Movable Spleen.


This organ may be displaced from its normal position, and may occupy a position much below the normal. This is caused by a direct blow or severe muscular strain, which stretches or tears its supports; by tight lacing; by the hypertrophy of the organ from disease, or by the influence of intra-abdominal tumors or enlargements, or from the pregnant womb. In determining whether the movable organ is the spleen or the kidney, the splenic notch must be discovered by palpation. There will be absence of splenic dulness in the normal locality of the spleen. The kidney is smaller and harder and imparts a greater sense of resistance to the fingers. The condition is treated by replacing the organ, and by the careful application of a bandage with a pad which shall retain it in its position. The patient should be obliged to occupy a recumbent position for considerable time, and should not rise from that position while the bandage is removed. During this time, if the organ is enlarged, the measures advised for the cure of that condition should be resorted to. The persistent application of heat is as important in the reduction of enlargement of the spleen as in enlargement of the liver. Surgical measures are advised for the support of this organ, but the results have not been as satisfactory as could be desired.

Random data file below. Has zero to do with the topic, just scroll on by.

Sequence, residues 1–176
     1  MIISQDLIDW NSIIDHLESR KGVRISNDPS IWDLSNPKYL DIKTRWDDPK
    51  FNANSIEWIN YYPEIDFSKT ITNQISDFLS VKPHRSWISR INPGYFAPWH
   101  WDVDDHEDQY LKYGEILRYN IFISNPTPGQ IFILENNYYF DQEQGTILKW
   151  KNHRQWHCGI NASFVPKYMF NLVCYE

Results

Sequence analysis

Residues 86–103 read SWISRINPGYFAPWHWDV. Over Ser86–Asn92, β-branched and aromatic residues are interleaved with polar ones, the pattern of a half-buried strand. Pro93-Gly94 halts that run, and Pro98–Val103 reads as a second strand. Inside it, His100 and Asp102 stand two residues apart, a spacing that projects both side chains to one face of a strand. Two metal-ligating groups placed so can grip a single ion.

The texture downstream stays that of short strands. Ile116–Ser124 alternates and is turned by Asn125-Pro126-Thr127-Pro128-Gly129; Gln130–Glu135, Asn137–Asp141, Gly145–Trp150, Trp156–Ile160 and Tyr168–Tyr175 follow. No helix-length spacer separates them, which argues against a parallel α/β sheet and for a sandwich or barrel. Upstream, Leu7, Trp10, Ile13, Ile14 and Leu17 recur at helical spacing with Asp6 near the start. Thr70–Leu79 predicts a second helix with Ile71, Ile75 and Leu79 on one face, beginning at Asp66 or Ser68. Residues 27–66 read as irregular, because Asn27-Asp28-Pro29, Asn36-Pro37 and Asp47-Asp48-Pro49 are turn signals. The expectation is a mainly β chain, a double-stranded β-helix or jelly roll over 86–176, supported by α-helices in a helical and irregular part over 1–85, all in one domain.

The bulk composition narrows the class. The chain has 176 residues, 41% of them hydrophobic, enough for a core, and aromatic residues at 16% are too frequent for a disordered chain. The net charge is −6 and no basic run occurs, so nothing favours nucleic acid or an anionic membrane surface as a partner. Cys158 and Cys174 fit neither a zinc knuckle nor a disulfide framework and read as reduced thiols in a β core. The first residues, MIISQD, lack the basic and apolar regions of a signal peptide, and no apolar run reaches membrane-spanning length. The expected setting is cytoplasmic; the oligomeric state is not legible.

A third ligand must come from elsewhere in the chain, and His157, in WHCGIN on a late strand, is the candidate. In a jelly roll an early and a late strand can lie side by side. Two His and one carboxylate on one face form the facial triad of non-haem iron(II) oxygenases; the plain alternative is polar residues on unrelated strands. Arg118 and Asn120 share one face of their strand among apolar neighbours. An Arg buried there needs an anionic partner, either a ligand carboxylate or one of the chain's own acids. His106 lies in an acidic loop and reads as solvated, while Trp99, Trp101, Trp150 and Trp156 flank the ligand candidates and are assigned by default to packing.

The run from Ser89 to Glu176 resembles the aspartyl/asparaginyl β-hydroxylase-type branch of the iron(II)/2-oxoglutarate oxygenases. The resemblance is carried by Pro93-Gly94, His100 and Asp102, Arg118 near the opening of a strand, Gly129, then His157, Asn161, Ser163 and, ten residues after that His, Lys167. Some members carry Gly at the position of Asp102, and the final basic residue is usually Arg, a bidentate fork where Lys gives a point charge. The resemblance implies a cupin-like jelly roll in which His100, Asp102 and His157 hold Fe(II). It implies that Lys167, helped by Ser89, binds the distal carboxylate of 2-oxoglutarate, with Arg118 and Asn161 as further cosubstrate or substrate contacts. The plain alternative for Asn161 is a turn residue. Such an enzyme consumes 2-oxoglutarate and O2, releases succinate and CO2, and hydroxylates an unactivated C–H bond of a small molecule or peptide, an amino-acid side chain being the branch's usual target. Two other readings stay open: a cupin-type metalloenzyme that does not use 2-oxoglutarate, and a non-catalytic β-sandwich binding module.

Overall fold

The Eclectic Practice of Medicine with especial reference to the Treatment of Disease, 1910, was written by Finley Ellingwood, M.D.